U scream, Wii all scream: Nintendo’s Wii U and Halo 4 offer Thanksgiving busy work
By Chris O'Neal 11/21/2012
Let’s talk turkey. It’s Thanksgiving, after all, so why not talk about the delicious bird served up alongside bread stuffing, sweet potatoes with tiny marshmallows on them and hard liquor (either on the potatoes or in your stomach)? Why not throw in a few games to hold you over while your needy relatives shop Black Thursday? You may never know the pleasure of shopping at midnight on Thanksgiving, but you’ll come to know the sheer joy of ignoring it all as you become lost in a world of digital make-believe.
If you haven’t spent most of your week living it up in Microsoft’s Halo 4, then you’ve clearly been living it up elsewhere, as those are the only two options. Halo is to Microsoft as Super Mario Bros. is to Nintendo: a cash cow, incapable of not selling a bajillion copies.
In Halo 4, Master Chief is back, this time to face new, more terrifying alien villains in the form of the Prometheans and Master Chief’s longtime friends the Covenant. Both are out to kill the Chief and his AI friend, Cortana. Hijinks ensue and this rom-com turned sci-fi mishmash plunders through a few hours’ worth of shoot-em-up glory just as well as the previous installments. Seeing as how this one is the first made sans developer Bungie, 343 Studios (a subsidiary of Microsoft) managed to keep the unique Halo feel that fans and others who may have played Halo once or twice on their brother’s original Xbox remember.
But let’s say that revisiting a very familiar franchise on a familiar console isn’t your cup of tea. Let’s assume that if you’re going to be revisiting a familiar franchise, you’d prefer to do so on a new console altogether. As luck would have it, the Wii U can deliver.
Nintendo’s latest console, the Wii U, is one that brings tablet technology to the world of the video game. With a control pad similar to that of an iPad, players will never have to pull up an inventory list or a map on their television again. Now the Wii U remote will act as a personal PDA in information, keeping, or, better, as an integral part of the game.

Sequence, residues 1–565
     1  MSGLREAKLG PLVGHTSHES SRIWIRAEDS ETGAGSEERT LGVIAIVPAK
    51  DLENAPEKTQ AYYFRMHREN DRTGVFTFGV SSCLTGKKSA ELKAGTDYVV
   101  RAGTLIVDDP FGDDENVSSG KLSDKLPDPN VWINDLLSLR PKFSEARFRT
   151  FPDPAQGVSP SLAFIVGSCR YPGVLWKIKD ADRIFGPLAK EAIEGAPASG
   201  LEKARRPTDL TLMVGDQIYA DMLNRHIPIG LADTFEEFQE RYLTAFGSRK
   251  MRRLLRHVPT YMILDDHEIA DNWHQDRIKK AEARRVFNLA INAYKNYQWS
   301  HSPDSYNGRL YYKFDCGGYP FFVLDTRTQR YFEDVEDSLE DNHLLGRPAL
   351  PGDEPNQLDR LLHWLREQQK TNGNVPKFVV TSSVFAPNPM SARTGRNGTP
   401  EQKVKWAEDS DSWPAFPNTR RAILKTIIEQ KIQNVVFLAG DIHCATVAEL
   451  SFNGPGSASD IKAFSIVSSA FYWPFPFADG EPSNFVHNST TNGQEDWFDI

In Wii U’s minigame frenzy, Nintendo Land acts more as an instruction manual than as a stand-alone experience. Several minigames, such as Animal Crossing: Sweet Day and Luigi’s Ghost Mansion, challenge up to four players to outwit a fifth player. That’s right — for the first time since PC gaming was invented, a console can host five players comfortably with the Wii U remote acting as the “master” player. In Luigi’s Ghost Mansion, for instance, the Wii U remote is for the ghost; the other four, your standard-issue Wiimotes, are the ghost hunters.
New Super Mario Bros. U is also a launch title, offering up an experience much like the 2D original that substituted for your parents. Rather than the choppy NES graphics, this new iteration takes advantage of the technology; colors pop, enemies are animated and lively, and when you stomp something to death you really stomp something to death.
New Super Mario Bros. plays in much the same way Super Mario Bros. 3 played: gigantic map, connect the dots, water levels, desert levels, etc. You may ask yourself, “Gee, why don’t I just pull out the SNES and play Super Mario Bros. 3, then?” Well, I suppose you could, but then you’d be missing out on the first Mario-related game in a long while to capture the spirit of the originals while simultaneously bringing Mario into the future.
What are you thankful for? The food you’ve devoured or the games you’ll play in a comatose state immediately afterward? I’m thankful for innovation and originality, but you can’t always get what you want. I’ll settle for the former.
New Super Mario Bros. is available now for Nintendo’s Wii U, $59.99. Halo 4 is available for the Xbox 360, $59.99.
Chris O’Neal can’t get enough of that Cookie Crisp. Follow him on Twitter @agentoneal.